Conservation, News, Poaching

One of the whitetail deer, shot and left to rot. Photo by Texas Parks and Wildlife Dept.

Leon County, Texas. USA.

 

Texas wildlife authorities have brought a three month “road hunting rampage” to an end.

Six individuals, four adults and two juveniles, are in custody for various crimes committed from June 4 through August 29. The six held in custody are facing more than 175 state felony charges for poaching, destruction of private property, various firearm offences and over a dozen burglaries.

“This investigation represents one of, if not the most egregious poaching cases I am aware of in my 41 years in law enforcement,” said Col. Craig Hunter, Texas Parks and Wildlife Department Law Enforcement Director in a press release.

The six allegedly traveled the roads of Leon County and killed numerous animals including 68 whitetail deer and unspecified numbers of vultures, squirrels, foxes, feral hogs, doves, ducks, cormorants, house cats, blue herons, alligators, white egrets, armadillos and raccoons. Most of these animals were shot from the road and left to rot where they fell. Other targets included mailboxes, stop signs, parked vehicles and livestock. It is reported that one cow was hacked to death by a machete.

One of the livestock shot dead. Another was hacked to death by a machete. Photo by Texas Parks and Wildlife Dept.

One of the livestock shot dead. Another was hacked to death by a machete. Photo by Texas Parks and Wildlife Dept.

The events went unreported until early September.

“It amazes me that over a three-month period these young men likely fired hundreds of rounds of ammo, most of which were at night and in various locations, and no one reported gunshots or suspicious activity until September,” said supervising game warden Capt. Mike Hanson. “Not a single call.”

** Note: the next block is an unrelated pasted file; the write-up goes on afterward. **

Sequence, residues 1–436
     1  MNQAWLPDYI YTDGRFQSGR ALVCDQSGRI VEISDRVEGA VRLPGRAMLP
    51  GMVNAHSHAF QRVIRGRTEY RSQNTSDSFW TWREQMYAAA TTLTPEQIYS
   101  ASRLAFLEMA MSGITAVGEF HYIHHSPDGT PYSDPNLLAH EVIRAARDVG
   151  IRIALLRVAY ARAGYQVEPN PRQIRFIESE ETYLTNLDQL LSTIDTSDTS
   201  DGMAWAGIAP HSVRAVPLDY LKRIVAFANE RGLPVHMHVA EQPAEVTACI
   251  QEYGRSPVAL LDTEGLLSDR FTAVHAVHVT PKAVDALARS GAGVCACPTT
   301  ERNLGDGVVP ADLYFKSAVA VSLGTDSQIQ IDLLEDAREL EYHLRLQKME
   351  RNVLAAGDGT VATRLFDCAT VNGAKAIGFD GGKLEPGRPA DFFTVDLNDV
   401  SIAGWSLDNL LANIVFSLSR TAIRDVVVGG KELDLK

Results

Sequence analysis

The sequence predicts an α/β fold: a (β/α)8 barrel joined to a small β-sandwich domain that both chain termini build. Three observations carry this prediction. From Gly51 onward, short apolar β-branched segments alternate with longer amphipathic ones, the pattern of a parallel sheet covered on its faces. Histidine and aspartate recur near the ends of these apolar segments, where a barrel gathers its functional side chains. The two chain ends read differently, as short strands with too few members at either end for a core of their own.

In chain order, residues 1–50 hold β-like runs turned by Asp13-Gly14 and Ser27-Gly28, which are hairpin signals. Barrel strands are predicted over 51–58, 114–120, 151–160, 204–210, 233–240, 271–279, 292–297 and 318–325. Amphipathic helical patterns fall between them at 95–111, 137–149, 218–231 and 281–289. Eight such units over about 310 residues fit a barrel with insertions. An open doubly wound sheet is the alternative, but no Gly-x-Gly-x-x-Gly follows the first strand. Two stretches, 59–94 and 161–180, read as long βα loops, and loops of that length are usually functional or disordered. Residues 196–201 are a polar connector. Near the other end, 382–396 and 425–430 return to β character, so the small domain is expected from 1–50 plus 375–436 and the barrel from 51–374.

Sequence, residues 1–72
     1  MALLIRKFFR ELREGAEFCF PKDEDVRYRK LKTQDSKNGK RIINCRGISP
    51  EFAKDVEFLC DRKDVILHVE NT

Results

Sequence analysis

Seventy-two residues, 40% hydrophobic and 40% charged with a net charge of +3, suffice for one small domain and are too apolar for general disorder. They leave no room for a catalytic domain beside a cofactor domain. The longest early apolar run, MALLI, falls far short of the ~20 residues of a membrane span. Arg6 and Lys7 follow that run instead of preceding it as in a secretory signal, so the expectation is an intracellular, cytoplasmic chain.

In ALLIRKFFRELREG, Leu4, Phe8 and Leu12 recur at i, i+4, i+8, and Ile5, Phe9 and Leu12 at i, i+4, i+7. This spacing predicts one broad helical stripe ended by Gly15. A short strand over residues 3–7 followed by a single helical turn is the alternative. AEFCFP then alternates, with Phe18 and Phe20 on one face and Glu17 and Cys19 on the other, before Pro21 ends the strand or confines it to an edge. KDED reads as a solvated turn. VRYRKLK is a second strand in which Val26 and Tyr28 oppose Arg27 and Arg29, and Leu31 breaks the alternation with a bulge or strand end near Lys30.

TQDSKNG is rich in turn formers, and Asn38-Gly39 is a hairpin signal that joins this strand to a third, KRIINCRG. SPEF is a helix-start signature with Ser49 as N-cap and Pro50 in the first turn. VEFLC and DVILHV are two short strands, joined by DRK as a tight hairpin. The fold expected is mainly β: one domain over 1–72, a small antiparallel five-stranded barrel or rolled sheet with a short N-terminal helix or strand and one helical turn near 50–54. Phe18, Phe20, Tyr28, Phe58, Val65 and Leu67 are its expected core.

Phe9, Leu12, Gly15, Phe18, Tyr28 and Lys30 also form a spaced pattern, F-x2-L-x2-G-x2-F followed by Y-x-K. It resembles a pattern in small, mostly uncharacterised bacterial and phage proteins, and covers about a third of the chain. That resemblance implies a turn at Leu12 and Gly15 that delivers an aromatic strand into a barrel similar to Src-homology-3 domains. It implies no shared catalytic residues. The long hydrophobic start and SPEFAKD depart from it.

Texas authorities seized nine firearms from the alleged perpetrators, including a .270 hunting rifle and .22 rimfire rifle. The .22 was even outfitted with a homemade silencer.

Four of the firearms seized by Texas authorities. Note the homemade silencer on the barrel of the .22 caliber rifle. Photo by Texas Parks and Wildlife Dept.

Four of the firearms seized by Texas authorities. Note the homemade silencer on the barrel of the .22 caliber rifle. Photo by Texas Parks and Wildlife Dept.

After the heinous and indiscriminate nature of the killings and shootings became clear, landowners, wildlife authorities and local and state law enforcement joined ranks to catch the perpetrators.

“Simply put, open communication is the cornerstone of solid police work and without great interagency cooperation this investigation would not have been a success,” Hunter said.

Landowners in the area of the rampage recounted hearing gunshots, but believed that people were hunting feral hogs. Hunting feral hogs at night is legal in Texas year-round.

If charged and convicted, the alleged perpetrators face lengthy prison sentences and heavy fines.

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